A Historical Perspective on the Scopes Monkey Trial
Creationism v.s. evolution - A Historical Perspective
Why We Must Study History – A History Teacher Explains His Reasoning Through a case study on the Scopes Monkey Trial in 1925 – by Michael M. Nakade (An Imaginary Scene: Inside an American History Classroom on the First Day of School)
Mr. Nakade: Welcome to my American History Class. Hope you’ll enjoy going on a journey back in time and learn America’s Past.
Student 1: No offense, but why do we even bother to study our past? It’s over, and I don’t see much value in learning about what happened long time ago. We can’t do anything about events of the past. Besides, history in general is so boring.
Mr. Nakade: It can be boring if the focus is placed on memorization of names, events, and dates. I want to tell you why understanding the past correctly is extremely beneficial today. To do that, I am going to use the Scopes Monkey Trial as our case study. Does anyone know what this trial is about? Yes. I see one hand going up.
Student 2: It’s a trial over the teaching of evolution in high school biology class.
Mr. Nakade: Very good. Do you know when this took place and where?
Student 2: Way back when Darwin’s Theory of Evolution was scaring people. It happened in the South. Those people were backward. It was a nut case.
Mr. Nakade: Okay. You are correct, but let’s not get carried away with our judgment just yet. You said that it was a nut case because some folks in the South were backward and couldn’t handle the Evolution being taught. Right?
Student 2: Yeah, something like that.
Mr. Nakade: Does anyone here remember two big shots involved in this trial? (No hands went up.) Okay. Let me tell you. One was for the prosecution. His name is William Jennings Bryan. He wanted to stand up for his religion. He was adamantly against Darwin’s theory of evolution. The other one was for the defense. His name is Clarence Darrow. He wanted to defend the high school biology teacher who taught evolution in school and got arrested. Darrow thought that the law in Tennessee was ridiculous. At that time, in 1925 in Tennessee, it was illegal for public high school teachers to teach evolution in classroom.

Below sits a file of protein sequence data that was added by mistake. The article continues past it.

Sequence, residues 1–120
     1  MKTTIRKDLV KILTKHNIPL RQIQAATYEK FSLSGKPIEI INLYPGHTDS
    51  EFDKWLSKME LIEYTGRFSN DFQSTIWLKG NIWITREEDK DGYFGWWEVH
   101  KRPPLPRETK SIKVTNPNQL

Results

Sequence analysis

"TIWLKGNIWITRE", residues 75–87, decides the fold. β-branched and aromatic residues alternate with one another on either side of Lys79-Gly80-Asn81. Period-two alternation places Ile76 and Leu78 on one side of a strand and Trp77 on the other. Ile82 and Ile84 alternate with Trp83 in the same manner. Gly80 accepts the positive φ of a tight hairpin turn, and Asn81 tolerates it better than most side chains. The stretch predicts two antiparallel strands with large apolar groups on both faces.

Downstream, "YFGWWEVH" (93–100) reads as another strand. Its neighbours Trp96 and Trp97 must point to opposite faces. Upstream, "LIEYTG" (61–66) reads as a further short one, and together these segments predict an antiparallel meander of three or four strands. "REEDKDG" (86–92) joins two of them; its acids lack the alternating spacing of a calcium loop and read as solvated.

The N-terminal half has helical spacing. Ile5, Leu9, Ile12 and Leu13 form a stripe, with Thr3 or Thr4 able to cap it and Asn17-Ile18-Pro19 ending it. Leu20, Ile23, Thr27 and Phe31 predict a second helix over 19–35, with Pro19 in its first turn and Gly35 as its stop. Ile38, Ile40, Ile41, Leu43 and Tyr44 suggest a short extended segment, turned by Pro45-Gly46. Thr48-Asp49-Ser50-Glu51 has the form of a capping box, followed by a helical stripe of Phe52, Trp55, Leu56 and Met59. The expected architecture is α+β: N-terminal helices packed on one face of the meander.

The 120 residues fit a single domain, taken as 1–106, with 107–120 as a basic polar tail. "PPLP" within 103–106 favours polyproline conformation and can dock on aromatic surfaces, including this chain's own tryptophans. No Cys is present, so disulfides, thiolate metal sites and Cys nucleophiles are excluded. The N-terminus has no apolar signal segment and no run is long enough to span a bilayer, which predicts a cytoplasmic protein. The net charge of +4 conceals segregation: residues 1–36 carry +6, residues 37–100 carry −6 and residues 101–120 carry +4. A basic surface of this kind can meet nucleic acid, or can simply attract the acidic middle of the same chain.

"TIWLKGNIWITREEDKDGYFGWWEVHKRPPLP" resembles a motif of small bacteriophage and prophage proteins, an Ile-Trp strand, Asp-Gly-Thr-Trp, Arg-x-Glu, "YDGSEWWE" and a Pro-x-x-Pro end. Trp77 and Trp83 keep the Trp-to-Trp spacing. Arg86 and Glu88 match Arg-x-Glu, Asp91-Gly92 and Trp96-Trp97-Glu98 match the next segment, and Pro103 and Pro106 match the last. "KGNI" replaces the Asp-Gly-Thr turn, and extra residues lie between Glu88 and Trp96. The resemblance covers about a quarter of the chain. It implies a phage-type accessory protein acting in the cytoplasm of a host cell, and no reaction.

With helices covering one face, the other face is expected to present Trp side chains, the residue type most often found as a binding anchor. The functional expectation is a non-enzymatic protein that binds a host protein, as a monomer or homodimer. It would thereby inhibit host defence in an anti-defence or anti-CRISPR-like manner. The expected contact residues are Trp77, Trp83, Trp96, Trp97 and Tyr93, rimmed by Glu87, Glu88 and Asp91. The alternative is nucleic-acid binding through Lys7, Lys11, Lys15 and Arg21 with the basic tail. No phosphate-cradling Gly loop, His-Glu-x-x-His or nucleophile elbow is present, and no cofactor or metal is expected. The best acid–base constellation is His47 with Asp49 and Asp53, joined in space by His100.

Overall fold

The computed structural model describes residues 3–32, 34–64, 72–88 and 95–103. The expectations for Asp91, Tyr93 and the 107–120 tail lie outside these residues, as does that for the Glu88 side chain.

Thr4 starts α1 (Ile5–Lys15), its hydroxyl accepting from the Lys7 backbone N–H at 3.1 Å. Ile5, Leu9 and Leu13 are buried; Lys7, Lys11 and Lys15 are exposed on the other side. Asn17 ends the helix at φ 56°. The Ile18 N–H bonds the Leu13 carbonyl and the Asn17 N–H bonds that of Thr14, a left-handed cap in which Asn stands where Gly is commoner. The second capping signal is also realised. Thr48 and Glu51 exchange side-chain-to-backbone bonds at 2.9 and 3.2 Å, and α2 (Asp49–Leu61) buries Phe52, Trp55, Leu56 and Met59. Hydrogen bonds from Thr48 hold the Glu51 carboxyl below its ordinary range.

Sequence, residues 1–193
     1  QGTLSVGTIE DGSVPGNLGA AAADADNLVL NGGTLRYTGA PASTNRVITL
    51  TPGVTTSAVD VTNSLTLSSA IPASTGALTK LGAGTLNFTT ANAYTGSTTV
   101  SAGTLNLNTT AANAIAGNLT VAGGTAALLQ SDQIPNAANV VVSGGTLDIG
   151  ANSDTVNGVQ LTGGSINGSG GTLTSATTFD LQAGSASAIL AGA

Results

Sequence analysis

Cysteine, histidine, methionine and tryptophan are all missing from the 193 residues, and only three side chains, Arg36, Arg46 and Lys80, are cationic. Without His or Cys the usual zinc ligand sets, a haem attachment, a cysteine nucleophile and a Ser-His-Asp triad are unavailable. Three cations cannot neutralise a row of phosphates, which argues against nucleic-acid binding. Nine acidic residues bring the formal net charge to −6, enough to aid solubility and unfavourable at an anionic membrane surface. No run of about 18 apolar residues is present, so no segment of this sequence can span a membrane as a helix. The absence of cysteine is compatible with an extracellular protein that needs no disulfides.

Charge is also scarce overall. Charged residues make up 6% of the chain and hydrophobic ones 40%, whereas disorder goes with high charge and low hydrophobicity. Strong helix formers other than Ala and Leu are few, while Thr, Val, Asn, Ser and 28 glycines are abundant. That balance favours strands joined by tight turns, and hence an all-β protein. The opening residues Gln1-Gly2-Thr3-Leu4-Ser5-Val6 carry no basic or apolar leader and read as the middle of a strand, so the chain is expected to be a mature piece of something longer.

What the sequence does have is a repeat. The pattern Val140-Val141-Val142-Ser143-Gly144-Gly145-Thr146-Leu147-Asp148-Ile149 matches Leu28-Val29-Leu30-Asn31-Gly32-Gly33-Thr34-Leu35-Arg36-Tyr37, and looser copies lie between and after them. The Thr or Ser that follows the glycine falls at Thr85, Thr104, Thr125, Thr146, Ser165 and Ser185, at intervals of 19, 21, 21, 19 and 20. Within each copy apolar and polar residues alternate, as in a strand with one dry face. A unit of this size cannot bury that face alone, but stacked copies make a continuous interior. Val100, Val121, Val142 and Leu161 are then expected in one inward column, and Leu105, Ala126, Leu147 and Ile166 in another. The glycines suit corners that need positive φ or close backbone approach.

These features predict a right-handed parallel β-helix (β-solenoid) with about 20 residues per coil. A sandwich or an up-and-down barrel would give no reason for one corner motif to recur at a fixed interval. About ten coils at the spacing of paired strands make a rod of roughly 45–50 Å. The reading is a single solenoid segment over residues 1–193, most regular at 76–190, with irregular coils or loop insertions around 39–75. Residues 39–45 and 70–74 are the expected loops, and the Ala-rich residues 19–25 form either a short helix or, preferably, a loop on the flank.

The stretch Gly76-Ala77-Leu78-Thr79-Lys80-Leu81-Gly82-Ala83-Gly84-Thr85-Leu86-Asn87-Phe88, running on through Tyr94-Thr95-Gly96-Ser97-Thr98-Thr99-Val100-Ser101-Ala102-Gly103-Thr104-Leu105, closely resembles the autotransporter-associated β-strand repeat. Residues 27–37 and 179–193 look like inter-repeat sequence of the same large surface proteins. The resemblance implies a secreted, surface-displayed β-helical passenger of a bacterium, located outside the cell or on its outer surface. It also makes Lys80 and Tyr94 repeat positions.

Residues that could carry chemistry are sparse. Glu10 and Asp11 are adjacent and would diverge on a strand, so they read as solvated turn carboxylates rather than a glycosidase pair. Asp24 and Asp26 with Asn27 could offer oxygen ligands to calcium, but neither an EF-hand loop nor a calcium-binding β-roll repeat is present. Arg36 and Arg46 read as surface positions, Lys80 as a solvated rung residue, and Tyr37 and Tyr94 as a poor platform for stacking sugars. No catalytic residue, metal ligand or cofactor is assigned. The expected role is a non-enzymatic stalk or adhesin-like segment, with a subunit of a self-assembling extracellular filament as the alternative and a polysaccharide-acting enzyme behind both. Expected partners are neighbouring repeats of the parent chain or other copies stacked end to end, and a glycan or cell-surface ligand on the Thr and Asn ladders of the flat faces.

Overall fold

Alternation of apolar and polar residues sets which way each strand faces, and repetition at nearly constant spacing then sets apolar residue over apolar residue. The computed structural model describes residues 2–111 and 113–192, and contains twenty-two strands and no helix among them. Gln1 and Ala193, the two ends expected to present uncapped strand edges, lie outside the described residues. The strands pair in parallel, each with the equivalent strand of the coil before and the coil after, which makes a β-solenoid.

Student 3: Gee, I give this high school teacher a lot of credit. He had some guts. It sounded like he purposely taught evolution to get arrested. He was challenging the system.
Mr. Nakade: Well, in reality, it was a set up. The American Civil Liberty Union (ACLU) was not happy with the law in Tennessee. The ACLU wanted a test case, and Mr. Scopes agreed to be the guinea pig. The business leaders of the town of Dayton, Tennessee wanted free publicity for the town. They got together with the folks from The ACLU and succeeded in having the trial in Dayton. Well, the town of Dayton got far more than they ever bargained for.
Student 4: What do you mean? The publicity was, like, huge or something?
Mr. Nakade: You bet. It created a circus atmosphere. Media came from all over the country. Some European nations even followed the trial. The presence of William Jennings Bryan alone generated so much buzz. Having Darrow as a defense attorney, too, was an amazing thing for this small town.
Student 5: Who are William Jennings Bryan and Clarence Darrow? Why were they such big shots in those days?
Mr. Nakade: Bryan was a three time presidential candidate for the Democratic Party. He also served as the Secretary of State under President Wilson in the 1910s. His nickname was ‘the Great Commoner.’ He had a large following. Darrow was a superstar defense attorney in the early 1900s. He was good in winning difficult cases. So, imagine this. These two big shots were going head to head in a trial over the theory of evolution. They were going to argue if a teacher, Mr. Scopes, should be found guilty as charged or be found innocent because the law itself was dumb.
Student 1: Mr. Nakade, why are you choosing this monkey trial as a case study? Are you trying to convince us to take history seriously because of this trial from 1925?
Mr. Nakade: Exactly. This trial provides us with a great case study opportunity. I want to emphasize that we must understand this trial correctly. Not understanding it well would be sad, if you ask me.